If you're trying to maintain a secure environment, then working through a checklist might seem a useful way of ensuring you've covered everything and are meeting compliance requirements. However, that kind of thinking can be dangerous.
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Speaking at the at the Digital Security Summit in Canberra last week, security veteran Howard Schmidt (his resume includes a stint as the cyber-security advisor for the Obama and Bush administrations) argued that trying to stick too closely to compliance mandates was often counter-productive:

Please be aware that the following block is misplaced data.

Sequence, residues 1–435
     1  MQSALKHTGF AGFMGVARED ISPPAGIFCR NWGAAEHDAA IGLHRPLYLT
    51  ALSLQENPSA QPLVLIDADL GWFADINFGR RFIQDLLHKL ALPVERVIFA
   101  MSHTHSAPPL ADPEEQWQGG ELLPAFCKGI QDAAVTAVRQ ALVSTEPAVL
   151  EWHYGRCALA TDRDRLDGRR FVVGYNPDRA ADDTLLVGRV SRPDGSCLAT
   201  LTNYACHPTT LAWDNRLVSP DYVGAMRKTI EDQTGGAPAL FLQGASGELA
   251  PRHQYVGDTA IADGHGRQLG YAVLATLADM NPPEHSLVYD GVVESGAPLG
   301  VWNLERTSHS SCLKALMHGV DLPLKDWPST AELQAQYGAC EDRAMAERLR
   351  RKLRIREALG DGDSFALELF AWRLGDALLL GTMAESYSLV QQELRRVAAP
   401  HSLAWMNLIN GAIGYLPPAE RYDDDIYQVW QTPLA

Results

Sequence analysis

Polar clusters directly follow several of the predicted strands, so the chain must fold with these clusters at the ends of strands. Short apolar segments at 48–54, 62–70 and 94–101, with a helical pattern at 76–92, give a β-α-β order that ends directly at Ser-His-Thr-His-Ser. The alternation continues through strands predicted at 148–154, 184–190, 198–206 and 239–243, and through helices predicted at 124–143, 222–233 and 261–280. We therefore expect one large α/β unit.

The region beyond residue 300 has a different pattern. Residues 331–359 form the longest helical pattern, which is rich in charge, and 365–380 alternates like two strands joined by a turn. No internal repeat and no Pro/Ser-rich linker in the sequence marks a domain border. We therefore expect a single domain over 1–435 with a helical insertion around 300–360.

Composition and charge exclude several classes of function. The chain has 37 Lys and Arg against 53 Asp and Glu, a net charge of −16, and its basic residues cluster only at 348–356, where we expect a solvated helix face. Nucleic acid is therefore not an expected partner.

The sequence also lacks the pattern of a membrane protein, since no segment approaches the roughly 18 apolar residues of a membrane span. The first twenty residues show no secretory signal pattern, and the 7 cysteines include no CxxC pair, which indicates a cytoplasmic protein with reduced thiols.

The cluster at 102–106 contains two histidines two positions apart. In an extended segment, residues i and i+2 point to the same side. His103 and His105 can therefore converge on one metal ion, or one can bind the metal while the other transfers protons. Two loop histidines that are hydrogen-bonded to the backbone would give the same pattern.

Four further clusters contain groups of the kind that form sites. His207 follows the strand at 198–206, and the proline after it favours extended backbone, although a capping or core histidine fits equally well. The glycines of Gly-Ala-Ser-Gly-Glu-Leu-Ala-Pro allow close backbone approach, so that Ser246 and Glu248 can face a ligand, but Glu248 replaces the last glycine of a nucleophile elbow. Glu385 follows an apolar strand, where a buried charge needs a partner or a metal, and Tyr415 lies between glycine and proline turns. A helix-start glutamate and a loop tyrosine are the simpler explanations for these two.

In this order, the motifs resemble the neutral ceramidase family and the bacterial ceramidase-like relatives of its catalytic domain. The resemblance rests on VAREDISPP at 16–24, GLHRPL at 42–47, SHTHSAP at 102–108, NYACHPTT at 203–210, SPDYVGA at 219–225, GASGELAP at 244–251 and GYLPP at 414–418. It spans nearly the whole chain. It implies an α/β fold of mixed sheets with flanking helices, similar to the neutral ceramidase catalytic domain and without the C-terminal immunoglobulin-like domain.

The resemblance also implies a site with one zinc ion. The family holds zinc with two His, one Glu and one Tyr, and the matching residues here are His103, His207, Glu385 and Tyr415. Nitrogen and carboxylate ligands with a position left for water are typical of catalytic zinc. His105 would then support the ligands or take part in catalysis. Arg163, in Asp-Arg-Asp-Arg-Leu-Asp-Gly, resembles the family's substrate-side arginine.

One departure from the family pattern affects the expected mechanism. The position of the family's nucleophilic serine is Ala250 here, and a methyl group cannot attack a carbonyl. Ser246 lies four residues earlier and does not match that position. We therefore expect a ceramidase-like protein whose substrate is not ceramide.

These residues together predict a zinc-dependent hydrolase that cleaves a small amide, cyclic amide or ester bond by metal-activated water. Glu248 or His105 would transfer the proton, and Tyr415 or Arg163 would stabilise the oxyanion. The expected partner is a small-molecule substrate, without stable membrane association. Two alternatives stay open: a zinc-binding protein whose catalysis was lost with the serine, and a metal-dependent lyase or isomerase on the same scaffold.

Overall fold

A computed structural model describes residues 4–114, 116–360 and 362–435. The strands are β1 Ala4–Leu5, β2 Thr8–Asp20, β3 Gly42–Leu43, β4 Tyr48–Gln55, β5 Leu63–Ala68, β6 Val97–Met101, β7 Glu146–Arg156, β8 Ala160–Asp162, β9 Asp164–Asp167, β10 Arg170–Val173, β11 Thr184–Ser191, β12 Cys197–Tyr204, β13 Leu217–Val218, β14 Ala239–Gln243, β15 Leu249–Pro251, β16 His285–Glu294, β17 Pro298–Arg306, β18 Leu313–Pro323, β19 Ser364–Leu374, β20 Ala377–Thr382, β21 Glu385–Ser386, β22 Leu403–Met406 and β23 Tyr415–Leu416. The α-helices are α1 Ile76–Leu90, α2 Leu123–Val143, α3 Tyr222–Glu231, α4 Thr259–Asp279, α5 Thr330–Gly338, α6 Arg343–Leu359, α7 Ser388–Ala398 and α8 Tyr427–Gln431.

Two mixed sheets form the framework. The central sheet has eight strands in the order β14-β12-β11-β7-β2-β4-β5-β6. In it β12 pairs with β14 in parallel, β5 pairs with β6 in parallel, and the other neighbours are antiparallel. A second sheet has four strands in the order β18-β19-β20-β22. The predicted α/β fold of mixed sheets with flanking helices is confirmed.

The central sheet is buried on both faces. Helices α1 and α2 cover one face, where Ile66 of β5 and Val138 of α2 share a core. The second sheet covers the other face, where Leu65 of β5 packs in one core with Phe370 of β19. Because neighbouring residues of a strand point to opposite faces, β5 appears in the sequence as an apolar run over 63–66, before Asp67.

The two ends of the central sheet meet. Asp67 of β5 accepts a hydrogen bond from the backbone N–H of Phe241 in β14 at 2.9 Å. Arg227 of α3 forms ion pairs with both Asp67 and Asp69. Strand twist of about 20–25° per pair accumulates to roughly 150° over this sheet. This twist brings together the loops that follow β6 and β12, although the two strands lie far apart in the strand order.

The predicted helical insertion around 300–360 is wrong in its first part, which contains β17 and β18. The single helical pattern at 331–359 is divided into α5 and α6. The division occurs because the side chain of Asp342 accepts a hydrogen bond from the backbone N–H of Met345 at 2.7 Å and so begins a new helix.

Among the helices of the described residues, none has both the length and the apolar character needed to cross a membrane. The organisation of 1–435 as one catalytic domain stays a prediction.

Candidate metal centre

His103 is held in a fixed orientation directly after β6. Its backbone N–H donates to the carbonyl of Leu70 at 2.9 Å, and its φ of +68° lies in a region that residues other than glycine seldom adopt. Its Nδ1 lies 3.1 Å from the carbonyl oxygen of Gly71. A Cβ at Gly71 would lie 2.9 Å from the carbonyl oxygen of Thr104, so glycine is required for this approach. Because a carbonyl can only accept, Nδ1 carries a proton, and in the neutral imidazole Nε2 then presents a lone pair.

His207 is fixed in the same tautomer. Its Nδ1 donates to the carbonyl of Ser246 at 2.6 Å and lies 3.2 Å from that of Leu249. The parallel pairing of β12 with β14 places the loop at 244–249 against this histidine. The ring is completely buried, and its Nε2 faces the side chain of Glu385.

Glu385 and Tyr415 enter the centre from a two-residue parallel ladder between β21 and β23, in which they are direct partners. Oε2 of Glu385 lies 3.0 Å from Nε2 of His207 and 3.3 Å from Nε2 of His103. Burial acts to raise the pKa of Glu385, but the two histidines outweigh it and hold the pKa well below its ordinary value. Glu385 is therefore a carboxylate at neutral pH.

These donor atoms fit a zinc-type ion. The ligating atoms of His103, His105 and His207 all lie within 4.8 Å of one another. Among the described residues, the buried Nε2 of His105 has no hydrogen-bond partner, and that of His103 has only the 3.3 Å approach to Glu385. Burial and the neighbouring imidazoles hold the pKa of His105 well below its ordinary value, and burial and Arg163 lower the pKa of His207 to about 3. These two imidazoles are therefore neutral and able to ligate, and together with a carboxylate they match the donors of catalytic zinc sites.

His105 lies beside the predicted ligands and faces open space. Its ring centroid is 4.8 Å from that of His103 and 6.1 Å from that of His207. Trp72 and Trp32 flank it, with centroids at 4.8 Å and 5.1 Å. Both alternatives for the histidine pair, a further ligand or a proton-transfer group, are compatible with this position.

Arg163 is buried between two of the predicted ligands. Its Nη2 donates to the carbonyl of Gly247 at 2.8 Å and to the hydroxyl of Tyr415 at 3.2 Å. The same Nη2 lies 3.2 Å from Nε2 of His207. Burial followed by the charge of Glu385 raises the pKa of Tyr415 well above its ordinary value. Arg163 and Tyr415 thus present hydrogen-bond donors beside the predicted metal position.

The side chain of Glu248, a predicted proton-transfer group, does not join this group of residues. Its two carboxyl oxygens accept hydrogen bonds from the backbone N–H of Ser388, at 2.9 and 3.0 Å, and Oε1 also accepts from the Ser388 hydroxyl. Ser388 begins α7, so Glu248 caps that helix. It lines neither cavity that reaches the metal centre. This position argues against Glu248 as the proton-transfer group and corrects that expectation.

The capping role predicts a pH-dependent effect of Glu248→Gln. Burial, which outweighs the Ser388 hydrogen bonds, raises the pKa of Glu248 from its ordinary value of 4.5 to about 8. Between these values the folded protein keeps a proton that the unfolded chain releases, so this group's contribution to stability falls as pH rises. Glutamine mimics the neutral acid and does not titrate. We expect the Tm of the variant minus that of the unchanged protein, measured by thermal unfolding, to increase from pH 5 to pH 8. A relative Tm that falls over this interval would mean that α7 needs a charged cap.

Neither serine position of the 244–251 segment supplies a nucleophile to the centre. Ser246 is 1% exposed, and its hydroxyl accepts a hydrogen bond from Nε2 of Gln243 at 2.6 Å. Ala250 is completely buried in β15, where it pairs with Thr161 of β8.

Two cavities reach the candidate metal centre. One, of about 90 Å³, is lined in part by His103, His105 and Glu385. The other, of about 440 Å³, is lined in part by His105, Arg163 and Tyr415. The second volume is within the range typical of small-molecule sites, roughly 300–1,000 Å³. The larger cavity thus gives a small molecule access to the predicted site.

When people have a checklist, they will gravitate towards 'What is the minimum thing I need to do to tick the box?'
Rather than focusing on individual compliance issues, Schmidt recommends looking at security at a more fundamental level: "By becoming secure, you become compliant."
That said, Schmidt sympathises with the difficulty in ensuring sufficient funding for security initiatives. "We're asking them to make an investment so something doesn't happen, and it's really difficult for CEOs and boards to get their head around that." In that context, playing the compliance card is sometimes an effective if unfortunate compromise.